In this world of ever-increasing regulation, the sports industry has received a heavy pressure from outside sources in favor of the installment of policies meant to increase player safety.
With this evolution has come the degradation of the spirit of sports without the sort of raw emotion and lack of restraint that comes with athletic competition. A player’s knowledge to have to restrain an urge produces a sort of anxiety, and the more regulations that exist, the less capable players are of taking the game into their own hands.
Penalties drastically alter the course of games, and players now even get thrown out for “targeting” defenseless receivers.
While there may be some sense of malice that comes with big hits in a minority of cases, the defensive players are doing their job by making the play and potentially generating a beneficial outcome for their own team.
Big hits are a result of mistakes made by the offense, whether the quarterback’s read or the receiver’s route, and mistakes should be seen as a lesson never to be repeated. The defensive team should not be criticized for exerting their fullest potential to benefit their own team, and this constantly interrupted game of football, cut short by penalties, fouls and announcements, makes people desire some spectacle free from hindrance. This realization can be met through the game of Calcio Fiorentino.
Calcio Fiorentino is hardcore. Originating from 16th century Italy, the game has no visible rules to speak of except getting a ball to the other teams corner and throwing it into a net. The game combines football, soccer, rugby and ultimate fighting.
The players start out aligned across from each other, and the round usually starts with some light sparring. However after certain players try to make advances in an attempt to score, the physicality increases exponentially.
Imagine 27 men versus 27 other men in an ultimate fighting cage match, with almost nothing off limits apart from major injuries. Head butting, punching, elbowing and choking are allowed in the modern version of the game, with the only real regulations against sucker punches and kicks to the head.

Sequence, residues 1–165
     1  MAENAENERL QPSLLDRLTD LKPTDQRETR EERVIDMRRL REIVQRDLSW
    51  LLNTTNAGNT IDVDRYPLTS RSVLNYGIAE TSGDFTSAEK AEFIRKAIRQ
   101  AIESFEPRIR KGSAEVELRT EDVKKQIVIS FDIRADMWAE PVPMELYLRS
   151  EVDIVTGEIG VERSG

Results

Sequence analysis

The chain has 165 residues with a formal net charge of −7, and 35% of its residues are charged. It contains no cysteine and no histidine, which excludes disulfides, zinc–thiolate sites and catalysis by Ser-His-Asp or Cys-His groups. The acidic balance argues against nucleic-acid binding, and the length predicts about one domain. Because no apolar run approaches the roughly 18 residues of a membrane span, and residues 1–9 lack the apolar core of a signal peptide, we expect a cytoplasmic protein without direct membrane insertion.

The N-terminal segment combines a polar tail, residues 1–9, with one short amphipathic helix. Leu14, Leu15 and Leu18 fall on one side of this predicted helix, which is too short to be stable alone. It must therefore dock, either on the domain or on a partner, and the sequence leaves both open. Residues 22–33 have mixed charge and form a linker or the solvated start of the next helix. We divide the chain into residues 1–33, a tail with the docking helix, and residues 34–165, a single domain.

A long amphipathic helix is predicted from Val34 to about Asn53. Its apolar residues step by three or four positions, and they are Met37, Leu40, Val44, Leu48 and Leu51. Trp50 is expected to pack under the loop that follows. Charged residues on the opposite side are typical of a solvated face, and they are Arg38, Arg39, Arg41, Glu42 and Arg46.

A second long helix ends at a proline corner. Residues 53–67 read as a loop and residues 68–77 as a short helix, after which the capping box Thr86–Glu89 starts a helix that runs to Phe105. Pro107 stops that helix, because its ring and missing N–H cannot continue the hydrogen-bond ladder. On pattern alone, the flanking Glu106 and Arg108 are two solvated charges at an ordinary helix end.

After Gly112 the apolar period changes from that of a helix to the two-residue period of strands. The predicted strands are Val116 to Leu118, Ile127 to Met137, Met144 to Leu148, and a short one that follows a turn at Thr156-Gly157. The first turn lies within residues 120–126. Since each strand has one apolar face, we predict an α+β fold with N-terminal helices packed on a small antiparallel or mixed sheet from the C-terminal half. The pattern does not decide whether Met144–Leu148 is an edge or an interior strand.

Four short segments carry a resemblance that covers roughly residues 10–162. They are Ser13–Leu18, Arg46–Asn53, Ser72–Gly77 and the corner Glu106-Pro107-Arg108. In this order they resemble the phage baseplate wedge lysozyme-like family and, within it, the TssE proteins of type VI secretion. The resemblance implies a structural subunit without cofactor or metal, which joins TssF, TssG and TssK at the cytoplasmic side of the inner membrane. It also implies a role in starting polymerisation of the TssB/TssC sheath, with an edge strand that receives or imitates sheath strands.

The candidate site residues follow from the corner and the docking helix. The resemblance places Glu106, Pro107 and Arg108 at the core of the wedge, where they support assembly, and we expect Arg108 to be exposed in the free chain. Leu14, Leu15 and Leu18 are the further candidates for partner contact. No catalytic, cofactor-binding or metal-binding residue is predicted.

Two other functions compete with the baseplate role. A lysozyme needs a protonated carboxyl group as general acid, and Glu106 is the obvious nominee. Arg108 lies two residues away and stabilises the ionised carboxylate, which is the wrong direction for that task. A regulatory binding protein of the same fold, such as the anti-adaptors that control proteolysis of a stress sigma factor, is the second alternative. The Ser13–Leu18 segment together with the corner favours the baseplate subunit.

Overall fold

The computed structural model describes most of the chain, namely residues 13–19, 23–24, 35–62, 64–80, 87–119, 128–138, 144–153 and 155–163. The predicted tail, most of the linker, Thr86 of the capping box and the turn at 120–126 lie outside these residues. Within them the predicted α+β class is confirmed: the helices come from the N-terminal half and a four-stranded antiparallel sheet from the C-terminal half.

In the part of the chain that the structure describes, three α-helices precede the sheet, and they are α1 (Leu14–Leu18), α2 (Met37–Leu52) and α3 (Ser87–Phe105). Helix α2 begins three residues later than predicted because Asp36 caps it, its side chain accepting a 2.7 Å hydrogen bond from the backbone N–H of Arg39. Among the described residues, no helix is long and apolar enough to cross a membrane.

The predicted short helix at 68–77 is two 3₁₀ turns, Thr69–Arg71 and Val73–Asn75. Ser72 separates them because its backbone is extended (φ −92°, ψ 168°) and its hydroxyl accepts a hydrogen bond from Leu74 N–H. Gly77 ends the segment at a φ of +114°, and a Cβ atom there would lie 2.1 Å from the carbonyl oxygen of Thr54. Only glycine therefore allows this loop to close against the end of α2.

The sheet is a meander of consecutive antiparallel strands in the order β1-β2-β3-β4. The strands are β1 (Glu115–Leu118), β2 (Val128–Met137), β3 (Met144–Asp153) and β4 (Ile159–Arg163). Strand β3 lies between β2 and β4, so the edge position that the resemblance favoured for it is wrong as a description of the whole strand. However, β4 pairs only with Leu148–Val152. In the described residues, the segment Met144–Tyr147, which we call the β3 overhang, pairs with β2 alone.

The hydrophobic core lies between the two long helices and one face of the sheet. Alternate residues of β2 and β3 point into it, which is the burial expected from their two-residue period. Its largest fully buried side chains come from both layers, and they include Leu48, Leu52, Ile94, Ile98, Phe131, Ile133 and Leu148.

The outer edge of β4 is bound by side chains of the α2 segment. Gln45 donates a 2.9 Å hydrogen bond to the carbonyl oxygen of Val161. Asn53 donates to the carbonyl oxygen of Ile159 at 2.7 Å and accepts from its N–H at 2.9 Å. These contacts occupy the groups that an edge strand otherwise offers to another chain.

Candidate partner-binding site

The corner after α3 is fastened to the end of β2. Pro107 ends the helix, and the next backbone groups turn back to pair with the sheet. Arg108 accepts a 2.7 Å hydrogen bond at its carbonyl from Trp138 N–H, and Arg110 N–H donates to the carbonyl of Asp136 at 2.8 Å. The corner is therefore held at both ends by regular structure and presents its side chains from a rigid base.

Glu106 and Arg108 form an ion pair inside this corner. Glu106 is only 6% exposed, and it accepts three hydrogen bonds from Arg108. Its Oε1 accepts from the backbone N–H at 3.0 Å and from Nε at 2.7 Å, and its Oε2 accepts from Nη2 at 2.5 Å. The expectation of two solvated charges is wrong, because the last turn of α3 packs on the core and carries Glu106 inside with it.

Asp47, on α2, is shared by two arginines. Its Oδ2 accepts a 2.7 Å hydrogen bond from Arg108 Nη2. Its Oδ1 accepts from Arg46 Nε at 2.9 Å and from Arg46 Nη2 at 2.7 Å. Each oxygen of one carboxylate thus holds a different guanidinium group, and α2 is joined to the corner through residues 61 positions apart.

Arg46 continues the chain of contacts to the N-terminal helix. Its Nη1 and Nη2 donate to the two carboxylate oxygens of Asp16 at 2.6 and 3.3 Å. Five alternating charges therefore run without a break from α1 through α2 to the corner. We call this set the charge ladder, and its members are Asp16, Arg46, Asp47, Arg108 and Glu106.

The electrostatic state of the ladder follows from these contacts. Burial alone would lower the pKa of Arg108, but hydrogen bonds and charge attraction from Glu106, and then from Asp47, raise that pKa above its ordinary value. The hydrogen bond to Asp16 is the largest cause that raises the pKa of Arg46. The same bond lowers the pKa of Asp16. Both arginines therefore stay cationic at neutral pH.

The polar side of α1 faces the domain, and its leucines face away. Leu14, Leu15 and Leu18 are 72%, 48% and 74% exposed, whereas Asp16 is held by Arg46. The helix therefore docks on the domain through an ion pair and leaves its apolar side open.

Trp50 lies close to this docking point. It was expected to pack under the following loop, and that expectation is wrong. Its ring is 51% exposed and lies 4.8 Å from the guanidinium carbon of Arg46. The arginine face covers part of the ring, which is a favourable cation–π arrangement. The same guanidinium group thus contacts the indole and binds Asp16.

This may seem like some sort of savagery or unnecessary violence, but each player understands the risk and makes his or her own decision to enter the contest.
The game is all for a free dinner for the winning team, and the players are not compensated in any other way. Their utter love for tradition and desire to be next to their friends and teammates in raw sport serves as enough motivation to risk injury, and this sport seems one of very few remaining whose purpose extends past monetary reward.
Although modern society vehemently insists on regulation and managing risk, I believe that this sport of Calcio Fiorentino should remain a bastion of raw and violent competition, that, while controlled, allows men to exercise their animalistic inclinations.
While I do not want to purport the idea of making the NFL like this or supporting violent behavior, I do believe the underlying ideology of the matter remains true. While we must protect people from harm, it is important to allow for room for unrestrained actions, as to not trap ourselves in a blanket of safety.
I will leave you with a quote from Theodore Roosevelt that rings very true.
“It is not the critic who counts; not the man who points out how the strong man stumbles, or where the doer of deeds could have done them better. The credit belongs to the man who is actually in the arena, whose face is marred by dust and sweat and blood; who strives valiantly; who errs, who comes short again and again, because there is no effort without error and shortcoming; but who does actually strive to do the deeds; who knows great enthusiasms, the great devotions; who spends himself in a worthy cause; who at the best knows in the end the triumph of high achievement, and who at the worst, if he fails, at least fails while daring greatly, so that his place shall never be with those cold and timid souls who neither know victory nor defeat.”